By Ibrahim Danbaba
AGRICULTURE used to be the mainstay of the Nigerian economy. But as oil revenue increased, successive governments out of lack of leadership vision ignored this economic multiplier until President Goodluck Jonathan made it a top priority of his government. Happily government’s agricultural programmes have recorded appreciable gains that can easily ensure self-sufficiency in food production and possibly economic stability in the face of dwindling oil price.
Indeed, December last year was a month that clearly signposted the gains made by the Jonathan administration in the quest to boost food production and ensure that the journey towards self-sufficiency in agricultural practices reflects in practical terms on the quality of life. This was due to the 70 per cent growth in food production. The development is unprecedented in the history of the country since the oil boom.
It would be recalled that in 2011, the Jonathan administration took giant steps towards food sufficiency by initiating the Growth Enhancement Scheme, GES, through the Ministry of Agriculture. The GES programme was essentially designed to plug all the leakages in the fertilizer and agricultural components distribution programmes and ensure that farmers, rather than profiteering middlemen, access the components and the subsidies attached to them.
Last year’s Christmas celebration provided a window for an assessment of the programme. In 2013, rice prices shot up by about 25 per cent during this high demand period. But in 2014, prices largely stabilised and citizens were able to purchase almost at the same rate they bought the previous year.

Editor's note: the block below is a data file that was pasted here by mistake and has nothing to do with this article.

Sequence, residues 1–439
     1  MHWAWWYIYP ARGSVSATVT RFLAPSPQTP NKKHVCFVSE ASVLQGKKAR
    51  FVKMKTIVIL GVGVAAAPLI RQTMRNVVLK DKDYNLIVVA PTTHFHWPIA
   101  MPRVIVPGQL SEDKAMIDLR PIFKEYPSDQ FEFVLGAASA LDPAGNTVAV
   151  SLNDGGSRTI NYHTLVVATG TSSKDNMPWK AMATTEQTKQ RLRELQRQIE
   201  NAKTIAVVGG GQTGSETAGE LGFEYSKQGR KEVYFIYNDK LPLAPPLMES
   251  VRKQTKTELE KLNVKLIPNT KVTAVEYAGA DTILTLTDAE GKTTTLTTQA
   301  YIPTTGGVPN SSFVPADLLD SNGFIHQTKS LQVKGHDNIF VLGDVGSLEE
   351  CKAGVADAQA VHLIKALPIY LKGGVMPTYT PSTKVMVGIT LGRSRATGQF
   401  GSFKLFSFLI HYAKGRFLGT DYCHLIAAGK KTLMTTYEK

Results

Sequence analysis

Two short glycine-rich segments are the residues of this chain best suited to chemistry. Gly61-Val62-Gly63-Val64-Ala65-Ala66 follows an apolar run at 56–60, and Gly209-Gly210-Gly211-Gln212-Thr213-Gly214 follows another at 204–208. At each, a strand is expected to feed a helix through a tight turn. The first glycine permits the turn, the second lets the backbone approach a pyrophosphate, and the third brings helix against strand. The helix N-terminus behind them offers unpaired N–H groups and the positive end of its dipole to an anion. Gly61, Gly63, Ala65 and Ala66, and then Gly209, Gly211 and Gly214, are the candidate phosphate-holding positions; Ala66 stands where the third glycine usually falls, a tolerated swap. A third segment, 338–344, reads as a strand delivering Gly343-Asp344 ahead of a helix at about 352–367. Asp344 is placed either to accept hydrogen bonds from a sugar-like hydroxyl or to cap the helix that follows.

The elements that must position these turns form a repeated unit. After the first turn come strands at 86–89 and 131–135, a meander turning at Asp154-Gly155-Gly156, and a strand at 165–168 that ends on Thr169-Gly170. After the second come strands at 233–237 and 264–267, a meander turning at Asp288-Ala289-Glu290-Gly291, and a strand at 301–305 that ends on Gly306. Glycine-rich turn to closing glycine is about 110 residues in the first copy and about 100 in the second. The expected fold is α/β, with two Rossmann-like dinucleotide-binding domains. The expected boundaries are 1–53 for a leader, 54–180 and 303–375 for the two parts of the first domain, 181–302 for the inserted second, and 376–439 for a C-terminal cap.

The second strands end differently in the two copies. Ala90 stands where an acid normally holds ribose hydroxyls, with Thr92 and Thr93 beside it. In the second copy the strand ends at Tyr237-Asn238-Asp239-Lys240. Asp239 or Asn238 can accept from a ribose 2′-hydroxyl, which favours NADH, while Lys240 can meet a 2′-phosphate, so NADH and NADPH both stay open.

The Minister of Agriculture, Dr Akinwunmi Adesina, recently said the current rice transformation policy would lead to the national goal of rice self-sufficiency.
“Nigerian rice farmers have increased output by over 2.8 million metric tonnes of rice paddy. The total output of paddy in the 2012 wet season and 2012/2013 dry season brought to the market an additional 1.409 million metric tonnes, MT, of paddy or 916,137 MT of milled rice from 403,222 hectares of cultivated land. By the 2013 wet season and 2013/2014 dry season, output more than doubled to 2.96 million MT of paddy or 1.92 MT of milled rice from 802,108 hectares of land.
“What this means is that if the current tempo is sustained and the area of land devoted to rice cultivation were doubled, Nigeria would produce over and above the quantity of rice being imported, leaving room for export.
“This has happened because through the GES programme, government has given massive support to farmers. Without this, the quantum jump in production would have been elusive,” he said.
The increase in farming activities has helped in solving employment problems. Agriculture, being a critical employment enabler, has the capacity to reduce the spiraling unemployment rate in the country. There is no doubt that, so far, tremendous gains have been recorded in the sector that was comatose before now. It was a result of the progress made in the sector that some yam sellers in the North allegedly donated N5 billion to General Muhammadu Buhari’s campaign funding.
Special Assistant on Media and Strategy to the Minister of Agriculture, Dr. Olukayode Oyeleye, said the progress made in rice production was in addition to hundreds of thousands of other indirect job opportunities for input suppliers, farm labourers, transporters, warehouse operators and other stakeholders in the value chain.
The gains from the GES have provided a new vista through which the economy can grow and sustain the country and its people with or without oil. Soon Nigeria will be able to feed herself; funds for needless imports can then be channeled to other critical areas of need.
- Mr. Danbaba, a farmer, wrote from Oturkpo, Benue State